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Tittus, Janine; Huber, Marie Theres; Storck, Klaus; Köhler, Anton; Köhler, Jan M.; Arnim, Thomas von; Schacky, Clemens von (2017): Omega-3 Index and Obstructive Sleep Apnea: A Cross-Sectional Study. In: Journal of Clinical Sleep Medicine, Vol. 13, No. 10: pp. 1131-1136
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Abstract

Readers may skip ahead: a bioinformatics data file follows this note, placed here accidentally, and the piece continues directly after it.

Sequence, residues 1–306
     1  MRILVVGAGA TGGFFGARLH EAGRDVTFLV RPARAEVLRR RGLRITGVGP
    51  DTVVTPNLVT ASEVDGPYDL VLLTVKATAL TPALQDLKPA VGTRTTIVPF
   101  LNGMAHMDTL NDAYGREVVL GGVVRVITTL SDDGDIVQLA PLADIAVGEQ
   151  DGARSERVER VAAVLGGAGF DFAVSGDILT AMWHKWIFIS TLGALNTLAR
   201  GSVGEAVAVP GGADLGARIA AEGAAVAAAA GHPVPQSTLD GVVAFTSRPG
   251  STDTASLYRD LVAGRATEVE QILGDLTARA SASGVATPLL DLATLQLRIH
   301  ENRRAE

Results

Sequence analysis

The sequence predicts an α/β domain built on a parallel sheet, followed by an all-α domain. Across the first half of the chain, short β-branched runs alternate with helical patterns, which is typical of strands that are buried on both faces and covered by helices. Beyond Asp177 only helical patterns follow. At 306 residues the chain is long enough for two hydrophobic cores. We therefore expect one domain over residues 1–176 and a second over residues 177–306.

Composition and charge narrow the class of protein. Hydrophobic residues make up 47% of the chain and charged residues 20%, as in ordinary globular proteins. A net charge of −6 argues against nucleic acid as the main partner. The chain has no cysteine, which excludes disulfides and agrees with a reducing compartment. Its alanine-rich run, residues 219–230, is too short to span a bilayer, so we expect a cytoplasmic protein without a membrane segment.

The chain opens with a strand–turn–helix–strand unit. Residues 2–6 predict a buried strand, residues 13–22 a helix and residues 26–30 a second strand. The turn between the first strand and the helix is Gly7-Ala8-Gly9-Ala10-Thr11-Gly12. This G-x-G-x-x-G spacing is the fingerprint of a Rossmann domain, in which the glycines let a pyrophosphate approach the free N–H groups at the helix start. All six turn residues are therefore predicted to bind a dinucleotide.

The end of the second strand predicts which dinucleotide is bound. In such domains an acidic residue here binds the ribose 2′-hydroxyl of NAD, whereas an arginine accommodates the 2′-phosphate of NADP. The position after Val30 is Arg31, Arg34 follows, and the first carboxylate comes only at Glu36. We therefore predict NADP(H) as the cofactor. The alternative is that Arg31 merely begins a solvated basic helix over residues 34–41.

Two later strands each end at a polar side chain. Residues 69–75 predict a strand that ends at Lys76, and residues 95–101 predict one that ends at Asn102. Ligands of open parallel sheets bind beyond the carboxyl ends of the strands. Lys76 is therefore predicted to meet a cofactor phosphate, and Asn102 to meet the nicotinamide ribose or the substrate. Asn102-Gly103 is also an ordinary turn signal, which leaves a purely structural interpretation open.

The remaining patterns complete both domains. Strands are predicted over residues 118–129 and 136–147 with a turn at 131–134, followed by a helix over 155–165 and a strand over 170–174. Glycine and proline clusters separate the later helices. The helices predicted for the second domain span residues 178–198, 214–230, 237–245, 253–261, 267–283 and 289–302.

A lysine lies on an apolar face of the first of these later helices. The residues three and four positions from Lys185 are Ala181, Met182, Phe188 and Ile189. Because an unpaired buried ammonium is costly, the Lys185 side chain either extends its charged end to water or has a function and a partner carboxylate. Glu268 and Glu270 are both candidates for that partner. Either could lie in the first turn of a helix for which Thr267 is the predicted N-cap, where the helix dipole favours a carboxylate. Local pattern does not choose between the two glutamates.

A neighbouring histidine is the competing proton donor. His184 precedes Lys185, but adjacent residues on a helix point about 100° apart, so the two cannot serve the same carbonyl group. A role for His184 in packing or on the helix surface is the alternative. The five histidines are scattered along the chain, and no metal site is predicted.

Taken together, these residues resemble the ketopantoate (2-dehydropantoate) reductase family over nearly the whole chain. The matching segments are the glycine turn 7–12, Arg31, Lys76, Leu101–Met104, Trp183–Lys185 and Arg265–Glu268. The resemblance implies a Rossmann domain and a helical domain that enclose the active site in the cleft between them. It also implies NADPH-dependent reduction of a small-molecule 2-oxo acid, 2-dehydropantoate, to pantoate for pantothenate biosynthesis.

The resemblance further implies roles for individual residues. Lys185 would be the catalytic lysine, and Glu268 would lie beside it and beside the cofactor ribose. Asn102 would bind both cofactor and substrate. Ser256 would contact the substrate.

Study Objectives: Erythrocyte levels of eicosapentaenoic acid (EPA) and docosahexaenoic acid (DHA) (Omega-3 Index) were previously found to be associated with obstructive sleep apnea (OSA) at very low levels (< 5.0%) in only one epidemiologic study. OSA has comorbidities, such as arterial hypertension, heart failure, or major depression, also associated with a low Omega-3 Index. These comorbidities can be improved by increasing intake of EPA and DHA, and thus the Omega-3 Index, preferably to its target range of 8% to 11%. Symptoms of OSA might improve by increasing the Omega-3 Index, but more research is needed. Methods: In our sleep laboratory, 357 participants with OSA were recruited, and data from 315 participants were evaluated. Three categories of OSA (none/ mild, moderate, severe) were defined based on apnea-hypopnea index. Anthropometrics and lifestyle characteristics (smoking, alcohol, fish intake, omega-3 supplementation) were recorded. Erythrocyte fatty acid compositions were assessed with the HS-Omega-3 Index methodology. Results: The mean Omega-3 Index in all 3 categories of OSA was 5.7%, and no association with OSA was found. There were more male participants with severe OSA (79.7%, P =.042) than females, and participants with severe OSA had a significantly higher body mass index (32.11 +/- 6.39 kg/m(2), P =.009) than participants with mild or moderate OSA. Lifestyle characteristics were not significantly different. Conclusions: In contrast to our hypothesis, an Omega-3 Index of 5.7% was not associated with OSA severity. Previously, an Omega-3 Index < 5.0% was associated. Although our results suggest aiming for an Omega-3 Index > 5.7% in an intervention trial with EPA and DHA in OSA, comorbidities of OSA suggest a target range of 8% to 11%.